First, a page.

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Mary Buttolph Wedding Photography

Mary Buttolph Wedding Photography

Long before Mary Buttolph became a highly sought after wedding photographer, she worked as a  fisheries biologist for the United States Forest Service. Buttolph earned an undergraduate degree from Virginia Tech and moved out West in pursuit of  a career in fisheries. She soon realized that to reach her career goals, she would need to return to school to get her master’s degree in fisheries. Instead, Buttolph decided to take a chance on making a career of her longtime passion of photography, and returned to school for that instead.

Buttolph moved to Rochester, NY where she earned her second undergraduate degree at Rochester Institute of Technology (RIT), this time in photography. She then went on to earn her  master’s degree in photography from Syracuse University.

After working as a photojournalist for several years, Buttolph eventually decided to make her family a priority, leading her to apply her skills to wedding photography —a venture that not only gave her flexibility, but paid well and still allowed her to connect with others. Her wedding photography business has been growing ever since.

“I always loved photography, and when I had to decide whether I wanted to go back to school for a master’s in fisheries or start over, I decided to start over—with photography,” she said.

“When I was a photojournalist, I couldn’t sleep at night because I worried about what might have happened to the subjects I’d shot in bad situations that day, but then with wedding photography, I went to not being able to sleep because I was so excited for the couple”,” says Buttolph.

Mary Buttolph Wedding Photography has seen an exponential growth since its beginning in 2011. That first year, Buttolph booked three weddings. The second year: six. The third year: 15. The fourth year: more than 20.

“I don’t advertise anywhere, so most of my clients are word of mouth, bridesmaids that were in a wedding, siblings…” says Buttolph.

Even though most of her clients come to her having already seen her in action during a wedding they’ve attended, or were family members of previous clients who were impressed with her work, she makes sure to interview all potential clients beforehand to make sure their personalities are a good fit.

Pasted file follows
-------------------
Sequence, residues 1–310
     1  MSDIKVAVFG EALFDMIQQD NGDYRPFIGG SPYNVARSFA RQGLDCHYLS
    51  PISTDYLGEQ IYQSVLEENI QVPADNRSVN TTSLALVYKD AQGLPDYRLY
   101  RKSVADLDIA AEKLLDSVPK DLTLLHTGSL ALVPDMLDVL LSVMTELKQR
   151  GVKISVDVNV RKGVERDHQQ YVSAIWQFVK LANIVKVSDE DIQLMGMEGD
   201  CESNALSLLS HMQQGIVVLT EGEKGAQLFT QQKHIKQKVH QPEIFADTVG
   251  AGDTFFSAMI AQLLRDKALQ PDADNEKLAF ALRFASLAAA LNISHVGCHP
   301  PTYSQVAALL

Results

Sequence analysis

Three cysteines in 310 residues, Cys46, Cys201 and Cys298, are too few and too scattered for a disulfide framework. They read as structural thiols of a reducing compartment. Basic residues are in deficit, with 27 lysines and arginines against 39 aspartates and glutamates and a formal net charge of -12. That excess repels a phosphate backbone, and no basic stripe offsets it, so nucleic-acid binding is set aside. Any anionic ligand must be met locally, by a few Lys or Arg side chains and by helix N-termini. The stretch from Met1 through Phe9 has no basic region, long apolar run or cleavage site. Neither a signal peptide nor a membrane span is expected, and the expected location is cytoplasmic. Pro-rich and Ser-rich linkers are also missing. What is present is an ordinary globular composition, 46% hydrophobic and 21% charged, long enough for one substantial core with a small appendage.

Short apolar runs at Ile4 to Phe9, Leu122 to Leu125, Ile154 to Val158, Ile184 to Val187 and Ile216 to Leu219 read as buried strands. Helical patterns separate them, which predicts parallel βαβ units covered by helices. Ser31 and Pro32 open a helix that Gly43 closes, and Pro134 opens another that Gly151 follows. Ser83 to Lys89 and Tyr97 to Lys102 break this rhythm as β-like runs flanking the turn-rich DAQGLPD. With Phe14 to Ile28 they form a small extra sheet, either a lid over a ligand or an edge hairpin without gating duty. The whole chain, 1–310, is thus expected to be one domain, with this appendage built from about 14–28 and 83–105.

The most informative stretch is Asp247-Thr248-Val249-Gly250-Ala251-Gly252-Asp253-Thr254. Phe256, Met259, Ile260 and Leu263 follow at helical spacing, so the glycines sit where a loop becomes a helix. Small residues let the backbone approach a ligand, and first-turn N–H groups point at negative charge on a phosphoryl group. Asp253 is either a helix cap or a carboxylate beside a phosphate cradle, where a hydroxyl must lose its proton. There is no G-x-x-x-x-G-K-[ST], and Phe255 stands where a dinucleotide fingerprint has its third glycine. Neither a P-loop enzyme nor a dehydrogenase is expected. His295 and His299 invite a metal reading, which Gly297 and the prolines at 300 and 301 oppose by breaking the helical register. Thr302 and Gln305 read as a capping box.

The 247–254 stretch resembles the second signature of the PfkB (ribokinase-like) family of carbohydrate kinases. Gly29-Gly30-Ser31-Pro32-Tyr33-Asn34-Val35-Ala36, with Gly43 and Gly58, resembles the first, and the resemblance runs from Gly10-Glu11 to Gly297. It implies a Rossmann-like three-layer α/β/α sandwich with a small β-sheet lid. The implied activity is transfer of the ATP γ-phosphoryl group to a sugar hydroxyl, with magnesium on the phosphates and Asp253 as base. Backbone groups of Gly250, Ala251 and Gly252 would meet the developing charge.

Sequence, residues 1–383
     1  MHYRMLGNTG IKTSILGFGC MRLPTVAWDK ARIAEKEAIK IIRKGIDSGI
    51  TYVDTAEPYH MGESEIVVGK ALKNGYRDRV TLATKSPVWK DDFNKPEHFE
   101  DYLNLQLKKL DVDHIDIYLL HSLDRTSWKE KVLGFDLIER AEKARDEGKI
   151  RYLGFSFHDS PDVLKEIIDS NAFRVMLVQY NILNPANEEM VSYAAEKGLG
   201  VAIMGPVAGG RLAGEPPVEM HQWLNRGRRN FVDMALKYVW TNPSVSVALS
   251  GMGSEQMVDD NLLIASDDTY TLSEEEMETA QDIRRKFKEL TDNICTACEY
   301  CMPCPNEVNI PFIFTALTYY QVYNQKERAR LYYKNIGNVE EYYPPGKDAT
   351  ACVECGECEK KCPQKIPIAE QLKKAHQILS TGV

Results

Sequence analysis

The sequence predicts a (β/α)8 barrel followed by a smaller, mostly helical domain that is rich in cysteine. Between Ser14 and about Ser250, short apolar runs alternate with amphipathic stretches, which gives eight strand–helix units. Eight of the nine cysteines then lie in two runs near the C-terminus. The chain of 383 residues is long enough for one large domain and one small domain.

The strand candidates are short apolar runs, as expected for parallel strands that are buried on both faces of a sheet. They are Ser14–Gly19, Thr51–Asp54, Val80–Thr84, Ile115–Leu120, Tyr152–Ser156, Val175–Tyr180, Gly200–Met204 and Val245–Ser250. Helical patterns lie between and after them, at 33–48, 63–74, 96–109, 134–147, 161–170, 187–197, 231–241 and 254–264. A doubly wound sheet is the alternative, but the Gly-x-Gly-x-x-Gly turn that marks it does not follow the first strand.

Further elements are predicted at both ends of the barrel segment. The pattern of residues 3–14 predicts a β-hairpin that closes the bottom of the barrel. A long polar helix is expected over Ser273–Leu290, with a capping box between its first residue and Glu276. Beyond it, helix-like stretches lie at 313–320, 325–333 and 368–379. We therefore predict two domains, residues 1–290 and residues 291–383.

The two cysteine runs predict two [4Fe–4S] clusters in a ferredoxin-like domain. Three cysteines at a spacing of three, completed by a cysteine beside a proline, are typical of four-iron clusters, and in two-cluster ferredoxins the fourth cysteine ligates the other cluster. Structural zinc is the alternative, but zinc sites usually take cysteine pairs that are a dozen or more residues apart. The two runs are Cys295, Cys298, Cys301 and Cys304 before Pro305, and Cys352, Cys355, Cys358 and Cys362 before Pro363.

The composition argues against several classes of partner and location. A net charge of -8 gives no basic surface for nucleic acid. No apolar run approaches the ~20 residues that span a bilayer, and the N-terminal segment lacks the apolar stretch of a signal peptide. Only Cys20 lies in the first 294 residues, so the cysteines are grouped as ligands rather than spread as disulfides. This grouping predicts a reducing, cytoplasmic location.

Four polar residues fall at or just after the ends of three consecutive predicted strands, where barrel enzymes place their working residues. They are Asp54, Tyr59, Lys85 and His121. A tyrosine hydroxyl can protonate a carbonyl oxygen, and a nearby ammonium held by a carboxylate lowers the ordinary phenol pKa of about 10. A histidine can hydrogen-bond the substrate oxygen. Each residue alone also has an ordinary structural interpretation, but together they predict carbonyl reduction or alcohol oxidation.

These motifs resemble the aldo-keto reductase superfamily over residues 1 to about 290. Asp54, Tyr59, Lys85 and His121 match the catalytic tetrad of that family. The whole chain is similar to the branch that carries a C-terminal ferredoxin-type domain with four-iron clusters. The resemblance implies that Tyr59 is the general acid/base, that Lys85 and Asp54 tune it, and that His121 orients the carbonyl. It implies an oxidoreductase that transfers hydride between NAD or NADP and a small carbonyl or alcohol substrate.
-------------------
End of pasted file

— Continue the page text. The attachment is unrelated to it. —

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“My clients are the kind of people who…the bride would take off her shoes and run through wildflowers. They’re easy going, no fuss, and laidback,” Buttolph said. “I had a potential client once tell me how she was going to put this green rug so her heels never touched the grass, and I was like ‘Yeah, we’re not a good fit!’”

Even if Buttolph really loves a couple, she encourages all potential clients to shop around, because she wants them to come back confident that they make a good team, and that they like her style.

Unlike many other wedding photography businesses, she doesn’t offer a variety of packages.

She offers only one deal that includes a complimentary engagement session, 10 hours of wedding day coverage (with a second photographer to ensure every special moment is captured), digital negatives, and an online gallery featuring 1000-1500 images. Buttolph says she aims to make it as easy as possible for the bride and groom, giving them fewer decisions to have to make.

Her background in photojournalism is one of the biggest features that sets her apart. While other colleagues in the wedding photography business may focus on getting through the standard shot list of images typical in weddings, Buttolph really aims to capture moments and emotions, such a mother dabbing her tears with a napkin, or the groom’s first look at the bride.

“[My pictures] are real, raw. I don’t pose people. Sometimes pictures aren’t the most beautiful thing you’ve ever seen, but they’re real moments,” she said.

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Owning a wedding photography business is no easy feat, either.  The hardest situation that Buttolph describes dealing with is when the bride or groom isn’t having a good time at their wedding.

“Because you can’t fix that. You can’t fix someone who’s grumpy in a picture and make that energy look any different,” she said. “But thankfully, with my clients, we have a good enough relationship that that doesn’t happen too often.”

Shooting a wedding takes about 10 hours, and the post-production process takes Buttolph about 30 hours. Therefore, balancing her work with her children (and their homework) at home is another challenge on its own.

But throughout the challenges, Buttolph can’t see herself doing anything else now. When asked which wedding has been her favorite, she was quick to point out one in particular that left her especially moved.

“They were a really bohemian couple. Almost all their friends and guests had some crazy musical talent. Like one person recited Shakespeare and it was amazing. They were professional musicians and actors, one was a professional comedian, there was even an opera singer…It was like I should’ve paid them money to shoot their wedding because I had been entertained all evening by the most incredibly talented people, it was one of the most intimate setting ever,” Buttolph recounted.

“Family and emotion is what I’m all about. I think emotion is what gives me a little bit of a different flavor from other photographers out there.”

About The Author

Mellanie Perez

Mellanie is a Magazine, Newspaper, and Online Journalism master’s student at Syracuse University. She hails all the way from Puerto Rico. She enjoys reading and writing poetry, and personal essays.

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